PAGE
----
Ghadjar P.,University of Bern |
Kaanders J.H.,Radboud University Nijmegen |
Poortmans P.,Institute Verbeeten |
Zaucha R.,Medical University of Gdańsk |
And 15 more authors.
International Journal of Radiation Oncology Biology Physics | Year: 2011
Purpose: To evaluate the role of postoperative radiotherapy (RT) in Merkel cell carcinoma (MCC). Methods and Materials: A retrospective multicenter study was performed in 180 patients with MCC treated between February 1988 and September 2009. Patients who had had surgery alone were compared with patients who received surgery and postoperative RT or radical RT. Local relapse-free survival (LRFS), regional relapse-free survival (RRFS), and distant metastasis-free survival (DMFS) rates were assessed together with disease-free survival (DFS), cancer-specific survival (CSS), and overall survival (OS) rates. Results: Seventy-nine patients were male and 101 patients were female, and the median age was 73 years old (range, 38-93 years). The majority of patients had localized disease (n = 146), and the remaining patients had regional lymph node metastasis (n = 34). Forty-nine patients underwent surgery for the primary tumor without postoperative RT to the primary site; the other 131 patients received surgery for the primary tumor, followed by postoperative RT (n = 118) or a biopsy of the primary tumor followed by radical RT (n = 13). Median follow-up was 5 years (range, 0.2-16.5 years). Patients in the RT group had improved LRFS (93% vs. 64%; p < 0.001), RRFS (76% vs. 27%; p < 0.001), DMFS (70% vs. 42%; p = 0.01), DFS (59% vs. 4%; p < 0.001), and CSS (65% vs. 49%; p = 0.03) rates compared to patients who underwent surgery for the primary tumor alone; LRFS, RRFS, DMFS, and DFS rates remained significant with multivariable Cox regression analysis. However OS was not significantly improved by postoperative RT (56% vs. 46%; p = 0.2). Conclusions: After multivariable analysis, postoperative RT was associated with improved outcome and seems to be an important component in the multimodality treatment of MCC. © 2011 Elsevier Inc.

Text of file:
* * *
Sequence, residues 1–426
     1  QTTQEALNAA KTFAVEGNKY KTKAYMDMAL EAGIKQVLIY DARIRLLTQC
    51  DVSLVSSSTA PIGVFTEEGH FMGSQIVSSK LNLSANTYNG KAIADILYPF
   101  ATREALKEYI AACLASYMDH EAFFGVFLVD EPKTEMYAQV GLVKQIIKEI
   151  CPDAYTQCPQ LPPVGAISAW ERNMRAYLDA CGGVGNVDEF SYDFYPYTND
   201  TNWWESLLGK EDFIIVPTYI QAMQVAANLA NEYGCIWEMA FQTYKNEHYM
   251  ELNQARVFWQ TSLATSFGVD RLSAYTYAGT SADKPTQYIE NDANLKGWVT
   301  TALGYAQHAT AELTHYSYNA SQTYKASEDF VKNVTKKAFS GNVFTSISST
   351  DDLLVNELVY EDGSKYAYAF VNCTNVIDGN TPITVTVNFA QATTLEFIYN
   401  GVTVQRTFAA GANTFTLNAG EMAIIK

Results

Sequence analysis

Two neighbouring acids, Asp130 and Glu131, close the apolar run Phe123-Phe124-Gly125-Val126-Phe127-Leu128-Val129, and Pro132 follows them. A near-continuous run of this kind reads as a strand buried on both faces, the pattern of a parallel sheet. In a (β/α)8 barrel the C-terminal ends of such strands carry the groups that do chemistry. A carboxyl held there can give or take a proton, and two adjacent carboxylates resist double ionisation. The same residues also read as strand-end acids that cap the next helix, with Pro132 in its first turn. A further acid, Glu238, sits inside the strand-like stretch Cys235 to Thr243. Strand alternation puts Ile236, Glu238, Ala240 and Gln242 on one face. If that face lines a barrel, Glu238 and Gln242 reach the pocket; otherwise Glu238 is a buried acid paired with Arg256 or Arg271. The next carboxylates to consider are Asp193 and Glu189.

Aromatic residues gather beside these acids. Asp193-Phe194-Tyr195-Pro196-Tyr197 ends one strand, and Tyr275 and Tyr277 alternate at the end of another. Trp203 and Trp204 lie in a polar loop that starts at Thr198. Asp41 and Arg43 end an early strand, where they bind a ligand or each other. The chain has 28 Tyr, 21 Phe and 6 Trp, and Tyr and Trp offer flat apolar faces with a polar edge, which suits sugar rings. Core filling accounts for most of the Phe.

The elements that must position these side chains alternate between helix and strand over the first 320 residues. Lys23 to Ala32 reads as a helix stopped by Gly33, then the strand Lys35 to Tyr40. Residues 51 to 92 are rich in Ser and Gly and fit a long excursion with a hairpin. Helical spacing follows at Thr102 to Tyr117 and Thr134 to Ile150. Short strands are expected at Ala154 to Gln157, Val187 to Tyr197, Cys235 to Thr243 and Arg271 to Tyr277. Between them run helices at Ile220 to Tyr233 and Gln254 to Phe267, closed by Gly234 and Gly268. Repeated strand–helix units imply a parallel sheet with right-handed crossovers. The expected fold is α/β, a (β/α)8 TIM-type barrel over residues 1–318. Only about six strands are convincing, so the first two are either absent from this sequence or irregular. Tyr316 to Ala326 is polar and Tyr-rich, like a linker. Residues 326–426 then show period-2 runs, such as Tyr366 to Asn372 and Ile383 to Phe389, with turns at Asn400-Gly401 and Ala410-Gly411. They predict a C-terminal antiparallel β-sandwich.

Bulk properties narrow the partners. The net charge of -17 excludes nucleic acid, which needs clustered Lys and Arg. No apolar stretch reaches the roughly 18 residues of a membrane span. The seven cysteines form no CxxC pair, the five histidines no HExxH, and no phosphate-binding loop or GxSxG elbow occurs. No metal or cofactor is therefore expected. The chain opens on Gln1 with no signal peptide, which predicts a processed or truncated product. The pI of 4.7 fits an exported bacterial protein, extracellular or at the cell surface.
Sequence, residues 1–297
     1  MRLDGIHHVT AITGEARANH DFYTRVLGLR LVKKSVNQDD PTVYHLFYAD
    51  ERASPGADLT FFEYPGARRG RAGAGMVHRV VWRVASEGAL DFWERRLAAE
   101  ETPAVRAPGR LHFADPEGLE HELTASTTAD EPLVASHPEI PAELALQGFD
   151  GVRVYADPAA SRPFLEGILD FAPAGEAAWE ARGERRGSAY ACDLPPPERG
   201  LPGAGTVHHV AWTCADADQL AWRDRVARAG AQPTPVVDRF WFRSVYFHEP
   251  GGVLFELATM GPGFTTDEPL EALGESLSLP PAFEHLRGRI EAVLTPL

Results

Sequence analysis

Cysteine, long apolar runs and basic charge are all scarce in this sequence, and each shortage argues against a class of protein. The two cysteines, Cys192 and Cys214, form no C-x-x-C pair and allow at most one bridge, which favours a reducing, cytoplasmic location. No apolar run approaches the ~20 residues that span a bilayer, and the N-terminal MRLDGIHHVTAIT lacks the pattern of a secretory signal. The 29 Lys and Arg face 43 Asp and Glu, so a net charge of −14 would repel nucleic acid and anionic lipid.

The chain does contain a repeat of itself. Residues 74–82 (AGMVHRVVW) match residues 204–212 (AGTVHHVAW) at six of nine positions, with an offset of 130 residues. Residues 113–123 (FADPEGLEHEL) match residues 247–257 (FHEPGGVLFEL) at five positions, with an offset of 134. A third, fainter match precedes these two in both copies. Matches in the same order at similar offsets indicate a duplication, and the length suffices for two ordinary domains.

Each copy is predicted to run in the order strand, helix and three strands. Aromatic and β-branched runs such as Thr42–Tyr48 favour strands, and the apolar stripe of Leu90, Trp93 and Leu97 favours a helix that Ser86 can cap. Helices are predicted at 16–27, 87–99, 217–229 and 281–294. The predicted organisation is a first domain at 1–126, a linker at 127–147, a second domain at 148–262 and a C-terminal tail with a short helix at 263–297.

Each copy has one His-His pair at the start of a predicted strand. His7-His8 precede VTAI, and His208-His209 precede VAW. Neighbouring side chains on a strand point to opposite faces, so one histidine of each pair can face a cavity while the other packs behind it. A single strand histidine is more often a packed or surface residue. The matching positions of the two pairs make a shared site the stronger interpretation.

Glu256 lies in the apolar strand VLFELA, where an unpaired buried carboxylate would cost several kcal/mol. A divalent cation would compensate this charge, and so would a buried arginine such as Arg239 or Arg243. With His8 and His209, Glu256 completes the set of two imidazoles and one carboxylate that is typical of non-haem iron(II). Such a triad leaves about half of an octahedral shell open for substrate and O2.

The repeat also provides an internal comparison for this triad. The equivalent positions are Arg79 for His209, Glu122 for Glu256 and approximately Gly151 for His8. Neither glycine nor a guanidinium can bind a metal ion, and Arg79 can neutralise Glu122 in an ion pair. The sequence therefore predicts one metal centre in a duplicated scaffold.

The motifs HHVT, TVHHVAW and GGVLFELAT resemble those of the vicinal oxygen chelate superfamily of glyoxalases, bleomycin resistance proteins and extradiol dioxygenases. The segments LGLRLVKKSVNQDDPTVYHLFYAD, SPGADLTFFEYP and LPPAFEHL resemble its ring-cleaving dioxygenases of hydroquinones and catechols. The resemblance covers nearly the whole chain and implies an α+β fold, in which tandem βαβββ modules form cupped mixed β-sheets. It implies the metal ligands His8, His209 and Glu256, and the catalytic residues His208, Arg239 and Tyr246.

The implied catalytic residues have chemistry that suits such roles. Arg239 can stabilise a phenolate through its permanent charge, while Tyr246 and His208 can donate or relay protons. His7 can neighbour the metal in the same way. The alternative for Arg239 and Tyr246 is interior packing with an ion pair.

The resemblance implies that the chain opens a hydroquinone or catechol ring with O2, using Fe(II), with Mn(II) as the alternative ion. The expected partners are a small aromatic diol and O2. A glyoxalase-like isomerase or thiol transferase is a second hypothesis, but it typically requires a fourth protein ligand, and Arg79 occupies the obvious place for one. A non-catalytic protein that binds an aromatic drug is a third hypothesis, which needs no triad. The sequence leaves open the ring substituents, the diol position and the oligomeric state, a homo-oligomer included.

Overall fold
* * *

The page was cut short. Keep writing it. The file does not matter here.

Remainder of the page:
Detti B.,Radioterapia |
Scoccianti S.,Radioterapia |
Franceschini D.,Radioterapia |
Cipressi S.,Radioterapia |
And 12 more authors.
Journal of Cancer Research and Clinical Oncology | Year: 2013
Aim: The purpose of this study was to evaluate the potential usefulness of [18F]-Choline PET/CT in the restaging of prostate cancer patients, who presented a rising PSA. Materials and methods: We evaluated 170 prostate cancer patients, previously radically treated, that were referred for restaging with [18F]-Choline PET/CT. Results: A total of 129 patients (median PSA 4.29 ng/ml at relapse) showed one or more areas of high uptake on PET/CT scan, while 41 patients with a median PSA of 1.07 ng/ml at relapse showed negative PET/CT scans. No false negative was found, while 31 patients were identified as false positive. Specificity of Choline PET/CT in our series was 56.9 %, while sensibility was 100 %. At the time of restaging, a PSA value superior or equal to 1 ng/ml was found to be a statistically significant predictive factor of PET positivity, either at the univariate (p < 0.0001) and at the multivariate analysis (p < 0.0001). Conclusions: Based on our findings, [18F]-Choline PET/CT is confirmed as a useful diagnostic tool to detect early recurrence, in patients with increasing PSA after primary treatment. However, in case of a mild increase in PSA, positive results must be validated with other techniques, as specificity and positive predictive value of [18F]-Choline PET/CT decrease with the lower values of PSA. © 2012 Springer-Verlag Berlin Heidelberg.
Detti B.,Radioterapia |
Scoccianti S.,Radioterapia |
Di Cataldo V.,Radioterapia |
Monteleone E.,Radioterapia |
And 11 more authors.
Journal of Neuro-Oncology | Year: 2013